Observing the actions of the Bush administration over the years, you'd think the Wyoming snowmobile industry was the economic glue holding the country together. National Park Service managers have pressed relentlessly to allow as many of the noisy, polluting recreational machines into Yellowstone National Park as possible, no matter what the public wanted (public comments were overwhelmingly against it), what park preservation laws stated or what the agency's own scientific research found.
That's an old, old story for the Bush presidency, and one of many reasons we're glad to see its days waning. But the latest action on snowmobiles so disregards the courts, science and good reason, it's startling even for this administration, and that's saying a lot.
After a federal judge in Washington ruled in September that the 540 snowmobiles a day sought by the Park Service was too high a number, the agency's staff issued an environmental report agreeing that so many machines would bring about "major adverse impacts" to Yellowstone. While the staff worked on a new long-term plan, expected to take a couple of years, Yellowstone Supt. Suzanne Lewis announced that the temporary limit would be set at 318 a day.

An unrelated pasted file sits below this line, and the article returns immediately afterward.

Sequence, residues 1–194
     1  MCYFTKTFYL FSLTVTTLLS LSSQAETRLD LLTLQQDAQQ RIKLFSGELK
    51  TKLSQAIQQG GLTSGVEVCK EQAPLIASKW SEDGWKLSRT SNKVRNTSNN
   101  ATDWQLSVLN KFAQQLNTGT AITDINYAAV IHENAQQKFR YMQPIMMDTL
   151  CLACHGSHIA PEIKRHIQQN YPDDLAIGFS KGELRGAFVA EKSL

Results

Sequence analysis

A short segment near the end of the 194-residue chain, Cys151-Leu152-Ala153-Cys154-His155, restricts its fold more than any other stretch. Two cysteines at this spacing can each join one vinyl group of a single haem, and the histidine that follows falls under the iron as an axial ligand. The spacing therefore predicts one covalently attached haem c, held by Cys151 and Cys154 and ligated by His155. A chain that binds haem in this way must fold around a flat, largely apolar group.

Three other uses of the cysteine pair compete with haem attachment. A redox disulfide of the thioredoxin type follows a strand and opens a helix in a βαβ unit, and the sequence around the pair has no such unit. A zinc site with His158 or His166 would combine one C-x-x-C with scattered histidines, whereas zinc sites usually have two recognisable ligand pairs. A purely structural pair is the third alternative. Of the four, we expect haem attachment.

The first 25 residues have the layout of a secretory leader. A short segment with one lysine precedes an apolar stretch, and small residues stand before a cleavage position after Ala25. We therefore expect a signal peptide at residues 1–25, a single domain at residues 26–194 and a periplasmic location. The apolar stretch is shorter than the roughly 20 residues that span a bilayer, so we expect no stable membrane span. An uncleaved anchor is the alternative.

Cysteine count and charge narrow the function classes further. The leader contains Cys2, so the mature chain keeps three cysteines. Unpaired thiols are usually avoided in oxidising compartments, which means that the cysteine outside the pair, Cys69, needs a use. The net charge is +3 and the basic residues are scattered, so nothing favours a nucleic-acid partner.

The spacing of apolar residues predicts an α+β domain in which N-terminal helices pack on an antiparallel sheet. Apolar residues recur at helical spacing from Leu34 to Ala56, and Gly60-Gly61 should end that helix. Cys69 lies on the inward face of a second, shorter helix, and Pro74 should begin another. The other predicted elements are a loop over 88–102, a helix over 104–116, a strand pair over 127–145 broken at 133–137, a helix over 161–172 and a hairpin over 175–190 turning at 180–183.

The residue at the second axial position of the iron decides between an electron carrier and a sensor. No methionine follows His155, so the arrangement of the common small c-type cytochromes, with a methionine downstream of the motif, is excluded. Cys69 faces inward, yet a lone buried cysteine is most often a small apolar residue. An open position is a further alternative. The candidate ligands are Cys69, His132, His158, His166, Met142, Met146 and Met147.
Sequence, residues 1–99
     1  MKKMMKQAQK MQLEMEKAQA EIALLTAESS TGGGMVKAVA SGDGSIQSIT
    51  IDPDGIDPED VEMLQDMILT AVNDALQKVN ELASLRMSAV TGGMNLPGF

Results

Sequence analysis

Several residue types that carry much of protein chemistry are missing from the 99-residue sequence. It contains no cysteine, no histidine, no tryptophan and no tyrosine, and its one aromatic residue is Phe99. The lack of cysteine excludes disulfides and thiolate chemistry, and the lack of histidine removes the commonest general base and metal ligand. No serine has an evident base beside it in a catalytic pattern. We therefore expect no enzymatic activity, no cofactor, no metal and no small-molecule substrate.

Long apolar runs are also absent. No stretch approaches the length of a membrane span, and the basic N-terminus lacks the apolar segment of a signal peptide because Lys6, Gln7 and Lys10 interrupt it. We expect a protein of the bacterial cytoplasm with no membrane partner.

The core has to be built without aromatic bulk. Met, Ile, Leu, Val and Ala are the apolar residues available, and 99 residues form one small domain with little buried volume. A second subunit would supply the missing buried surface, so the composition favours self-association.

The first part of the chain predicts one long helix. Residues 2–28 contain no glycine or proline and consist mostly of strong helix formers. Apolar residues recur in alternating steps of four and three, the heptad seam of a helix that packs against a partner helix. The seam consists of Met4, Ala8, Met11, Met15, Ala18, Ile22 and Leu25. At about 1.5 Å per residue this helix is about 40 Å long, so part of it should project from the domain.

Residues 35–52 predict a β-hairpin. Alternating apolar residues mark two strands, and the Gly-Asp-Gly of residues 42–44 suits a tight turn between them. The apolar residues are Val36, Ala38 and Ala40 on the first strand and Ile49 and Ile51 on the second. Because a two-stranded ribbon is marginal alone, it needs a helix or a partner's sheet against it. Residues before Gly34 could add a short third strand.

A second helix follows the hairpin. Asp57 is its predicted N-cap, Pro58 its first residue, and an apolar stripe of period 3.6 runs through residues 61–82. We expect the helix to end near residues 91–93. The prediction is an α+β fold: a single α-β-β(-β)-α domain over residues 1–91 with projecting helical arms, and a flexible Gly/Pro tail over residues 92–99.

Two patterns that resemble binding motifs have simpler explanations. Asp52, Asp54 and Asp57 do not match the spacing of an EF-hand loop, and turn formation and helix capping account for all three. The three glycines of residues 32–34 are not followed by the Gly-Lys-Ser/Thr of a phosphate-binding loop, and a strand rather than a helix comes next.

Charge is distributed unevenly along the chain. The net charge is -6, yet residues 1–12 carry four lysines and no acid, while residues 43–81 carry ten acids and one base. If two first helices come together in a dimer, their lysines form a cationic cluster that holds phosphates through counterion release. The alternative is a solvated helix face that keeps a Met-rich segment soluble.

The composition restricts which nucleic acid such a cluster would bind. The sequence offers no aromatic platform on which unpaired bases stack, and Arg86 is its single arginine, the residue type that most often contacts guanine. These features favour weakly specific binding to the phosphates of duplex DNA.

Zero would be better for Yellowstone, where air quality routinely falls below park standards, but the compromise might have been the best possible right now. Then, last week, Lewis suddenly more than doubled the number to 720 machines a day for this winter season, which begins Dec. 15. Lewis said that a second judge's order, upholding the first decision, called for her to boost the numbers, but it is clear that the intent of the court rulings was to allow fewer snowmobiles into the park, not more.
These shenanigans deserve early reversal by the new administration. It's not that a month or so of too many snowmobiles will cause irreparable damage. It's that President Bush, who could be using his last days in office to leave a legacy or two worth recalling with pleasure, seems bent instead on wreaking as much environmental damage as possible, and making sure that what we remember most is his administration's disdain for the law, science and the public, as long as industry lobbies were satisfied.